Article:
A first edition 1537 compilation of the Roman Musa's herbal Vetonica writings, and the 4th century Apuleius' herbarium (128 herbs), as edited by the German doctor Gabriel Hummelberger.
The Musa and Apuleius attributions are doubted, but regardless of authorship, Hummelberger compiled the healing attributes the medieval period credited to 129 different herbs.
Due to the difficulty in ascribing the larger work directly to Apuleius, the work is defined as "psuedo-Apuleius".
This printing begins with Musa's Herba Vetonica, a work loosely attributed to Musa, and describing the use of the herb Vetonica (sometimes spelled Vettonica).
There is a commentary by Hummelberger, then follows the Apuleius work.
In the Apuleius work, each of the 128 herbs has a section defining the it (mostly by names by country), what it should be used for (and how), and lastly commentary.
Book II is a labelled Index, at the rear, which directs the reader to different sections based on keywords; for example, "Aspis, Serpens - 88" (Asps, serpents).
About the Attributions -
Antonius Musa was a Greek botanist and the Roman Emperor Augustus's physician; Antonius was a freedman who received freeborn status along with other honours. In the year 23 BC, when Augustus was seriously ill, Musa cured the illness with cold compresses and became immediately famous.
Pseudo-Apuleius is the name given in modern scholarship to the author of a 4th-century herbal known as Pseudo-Apuleius Herbarius or Herbarium Apuleii Platonici. The author of the text apparently wished readers to think that it was by Apuleius of Madaura (124–170 CE), the Roman poet and philosopher, but modern scholars do not believe this attribution. Little or nothing else is known of Pseudo-Apuleius apart from this. The oldest surviving manuscript of the Herbarium is the sixth-century Leiden, MS. Voss. Q.9. Until the twelfth century it was the most influential herbal in Europe, with numerous extant copies surviving into the modern era, along with several copies of an Old English translation.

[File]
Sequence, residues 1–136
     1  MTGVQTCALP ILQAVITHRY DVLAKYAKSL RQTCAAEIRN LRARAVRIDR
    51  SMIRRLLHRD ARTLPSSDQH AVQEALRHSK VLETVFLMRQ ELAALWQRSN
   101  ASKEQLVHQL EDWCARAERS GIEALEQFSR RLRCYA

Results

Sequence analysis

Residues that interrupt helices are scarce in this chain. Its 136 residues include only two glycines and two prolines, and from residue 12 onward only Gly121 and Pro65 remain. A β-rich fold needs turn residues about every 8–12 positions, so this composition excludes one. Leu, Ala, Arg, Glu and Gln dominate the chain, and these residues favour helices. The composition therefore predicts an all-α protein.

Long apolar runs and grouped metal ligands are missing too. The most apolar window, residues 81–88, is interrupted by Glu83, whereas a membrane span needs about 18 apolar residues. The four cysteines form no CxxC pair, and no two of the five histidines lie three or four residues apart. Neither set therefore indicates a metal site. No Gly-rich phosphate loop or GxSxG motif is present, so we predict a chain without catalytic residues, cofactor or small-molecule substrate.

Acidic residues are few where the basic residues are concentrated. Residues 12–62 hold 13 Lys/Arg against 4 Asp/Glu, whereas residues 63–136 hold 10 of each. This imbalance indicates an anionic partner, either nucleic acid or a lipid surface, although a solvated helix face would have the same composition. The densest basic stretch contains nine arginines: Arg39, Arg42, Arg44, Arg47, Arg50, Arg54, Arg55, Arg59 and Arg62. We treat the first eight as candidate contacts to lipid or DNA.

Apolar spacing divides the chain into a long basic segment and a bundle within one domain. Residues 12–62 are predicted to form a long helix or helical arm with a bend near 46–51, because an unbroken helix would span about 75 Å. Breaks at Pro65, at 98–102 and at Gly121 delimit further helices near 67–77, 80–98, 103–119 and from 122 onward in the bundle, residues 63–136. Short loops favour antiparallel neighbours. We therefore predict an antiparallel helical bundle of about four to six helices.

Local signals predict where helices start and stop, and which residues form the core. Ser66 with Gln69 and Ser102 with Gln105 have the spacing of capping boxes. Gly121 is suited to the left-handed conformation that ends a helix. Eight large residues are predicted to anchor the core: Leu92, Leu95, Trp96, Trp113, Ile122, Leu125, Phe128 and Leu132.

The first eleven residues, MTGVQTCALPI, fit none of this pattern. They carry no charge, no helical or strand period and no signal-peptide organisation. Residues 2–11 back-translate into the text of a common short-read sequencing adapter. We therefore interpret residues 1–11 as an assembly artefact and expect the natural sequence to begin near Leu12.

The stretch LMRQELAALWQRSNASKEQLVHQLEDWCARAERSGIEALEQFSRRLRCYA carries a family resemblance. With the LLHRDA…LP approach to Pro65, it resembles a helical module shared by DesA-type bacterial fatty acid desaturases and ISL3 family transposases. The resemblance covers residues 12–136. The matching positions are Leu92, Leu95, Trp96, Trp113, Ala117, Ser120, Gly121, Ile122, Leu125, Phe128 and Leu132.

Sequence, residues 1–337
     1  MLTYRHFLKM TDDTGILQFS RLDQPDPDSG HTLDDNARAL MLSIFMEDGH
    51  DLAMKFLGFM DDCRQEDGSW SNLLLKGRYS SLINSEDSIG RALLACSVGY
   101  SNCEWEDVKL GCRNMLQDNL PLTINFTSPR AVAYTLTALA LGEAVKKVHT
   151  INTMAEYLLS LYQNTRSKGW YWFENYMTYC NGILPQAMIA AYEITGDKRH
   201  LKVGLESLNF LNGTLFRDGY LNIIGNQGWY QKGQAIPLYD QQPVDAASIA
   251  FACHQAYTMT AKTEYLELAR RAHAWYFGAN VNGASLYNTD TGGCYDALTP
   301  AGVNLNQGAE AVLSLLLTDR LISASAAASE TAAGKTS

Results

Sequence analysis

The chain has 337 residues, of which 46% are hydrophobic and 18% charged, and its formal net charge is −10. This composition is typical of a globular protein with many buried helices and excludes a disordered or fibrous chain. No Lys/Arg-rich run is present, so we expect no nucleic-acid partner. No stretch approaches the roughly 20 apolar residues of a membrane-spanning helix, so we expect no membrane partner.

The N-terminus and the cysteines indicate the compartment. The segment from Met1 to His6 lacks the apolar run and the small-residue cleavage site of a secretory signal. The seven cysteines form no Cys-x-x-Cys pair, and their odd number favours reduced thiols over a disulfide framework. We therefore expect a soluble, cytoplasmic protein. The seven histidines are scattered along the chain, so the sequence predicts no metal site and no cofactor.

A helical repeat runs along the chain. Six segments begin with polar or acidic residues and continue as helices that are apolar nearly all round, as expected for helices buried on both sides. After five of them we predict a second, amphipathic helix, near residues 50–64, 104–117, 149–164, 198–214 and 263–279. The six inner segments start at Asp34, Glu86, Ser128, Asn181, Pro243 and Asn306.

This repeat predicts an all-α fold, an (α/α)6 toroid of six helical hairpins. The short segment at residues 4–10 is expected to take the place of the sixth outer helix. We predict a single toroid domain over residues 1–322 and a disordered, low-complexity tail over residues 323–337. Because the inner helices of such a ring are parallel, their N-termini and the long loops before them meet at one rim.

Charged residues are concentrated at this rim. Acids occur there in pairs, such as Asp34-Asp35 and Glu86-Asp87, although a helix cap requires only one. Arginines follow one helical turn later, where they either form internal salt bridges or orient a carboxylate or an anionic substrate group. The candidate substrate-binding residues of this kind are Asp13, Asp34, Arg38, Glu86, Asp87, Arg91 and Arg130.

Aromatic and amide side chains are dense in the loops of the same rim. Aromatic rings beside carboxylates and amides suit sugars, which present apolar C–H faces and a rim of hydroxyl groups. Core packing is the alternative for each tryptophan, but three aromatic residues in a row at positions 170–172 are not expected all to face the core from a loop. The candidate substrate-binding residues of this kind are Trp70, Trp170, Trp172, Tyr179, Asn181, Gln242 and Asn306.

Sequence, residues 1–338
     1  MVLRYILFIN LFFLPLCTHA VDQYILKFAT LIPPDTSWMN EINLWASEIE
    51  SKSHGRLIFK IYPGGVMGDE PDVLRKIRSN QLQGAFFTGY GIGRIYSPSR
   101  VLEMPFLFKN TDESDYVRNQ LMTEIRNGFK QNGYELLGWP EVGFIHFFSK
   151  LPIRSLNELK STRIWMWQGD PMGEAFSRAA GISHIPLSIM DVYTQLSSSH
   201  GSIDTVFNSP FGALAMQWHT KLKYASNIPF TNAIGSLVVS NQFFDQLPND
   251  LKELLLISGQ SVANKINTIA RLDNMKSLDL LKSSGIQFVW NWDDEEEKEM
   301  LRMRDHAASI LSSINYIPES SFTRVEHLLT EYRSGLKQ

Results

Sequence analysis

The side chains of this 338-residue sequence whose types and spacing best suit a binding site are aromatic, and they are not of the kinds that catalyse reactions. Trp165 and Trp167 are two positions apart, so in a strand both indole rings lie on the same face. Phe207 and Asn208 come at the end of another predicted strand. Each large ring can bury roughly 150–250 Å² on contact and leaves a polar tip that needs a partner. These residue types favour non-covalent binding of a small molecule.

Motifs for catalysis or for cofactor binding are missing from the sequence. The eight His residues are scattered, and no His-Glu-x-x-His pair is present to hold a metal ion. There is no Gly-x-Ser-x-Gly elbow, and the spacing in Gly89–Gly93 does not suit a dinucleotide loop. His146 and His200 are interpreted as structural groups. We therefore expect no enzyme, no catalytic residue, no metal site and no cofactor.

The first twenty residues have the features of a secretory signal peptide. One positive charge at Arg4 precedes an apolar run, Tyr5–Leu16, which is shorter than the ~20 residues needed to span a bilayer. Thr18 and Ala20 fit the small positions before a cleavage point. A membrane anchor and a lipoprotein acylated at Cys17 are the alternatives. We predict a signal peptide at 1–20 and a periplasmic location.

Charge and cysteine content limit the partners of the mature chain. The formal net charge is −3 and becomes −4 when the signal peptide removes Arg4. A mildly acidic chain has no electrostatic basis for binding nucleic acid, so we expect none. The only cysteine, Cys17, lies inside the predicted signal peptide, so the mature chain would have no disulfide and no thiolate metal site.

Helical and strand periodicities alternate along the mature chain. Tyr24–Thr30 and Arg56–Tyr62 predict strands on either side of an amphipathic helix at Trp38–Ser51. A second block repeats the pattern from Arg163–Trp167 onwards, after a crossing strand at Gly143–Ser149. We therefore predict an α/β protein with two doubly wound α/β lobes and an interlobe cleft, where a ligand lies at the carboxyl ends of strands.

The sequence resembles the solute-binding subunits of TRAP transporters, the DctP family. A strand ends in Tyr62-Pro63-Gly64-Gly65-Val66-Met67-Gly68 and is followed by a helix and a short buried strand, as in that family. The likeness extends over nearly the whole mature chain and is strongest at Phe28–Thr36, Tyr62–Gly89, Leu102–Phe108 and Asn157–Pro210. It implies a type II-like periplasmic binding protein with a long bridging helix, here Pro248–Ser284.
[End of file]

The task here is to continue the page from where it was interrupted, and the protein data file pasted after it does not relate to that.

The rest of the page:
There is one inhabited initial, after Hans Holbein's "C", showing two skeletons fighting an emperor, but it is known that the publisher copied Holbein's Dance of Death letters, but did not use Holbein's as small differences arise when compared.
Physical Attributes -
Measures approx. 21 x 15 x 2.5 cm, 4to. Limp vellum binding. Printer's mark on the title page. Many initials, decorated and inhabited, throughout. Pages - iv, 303, xiv. Signed - a-z, A-Q, aa-bb4, cc6
See pictures. Limp vellum binding soiled and darkened, some edge wear. Ink thumb mark on front board. Nice wide margins throughout. Damp mark at bottom near gutter that just barely intrudes onto the paper throughout first half. Occasional thumb, rust/fox spot throughout. A little toning to paper. No annotations. Occasional dog-eared page. Clamshell box is handsome, with little wear.
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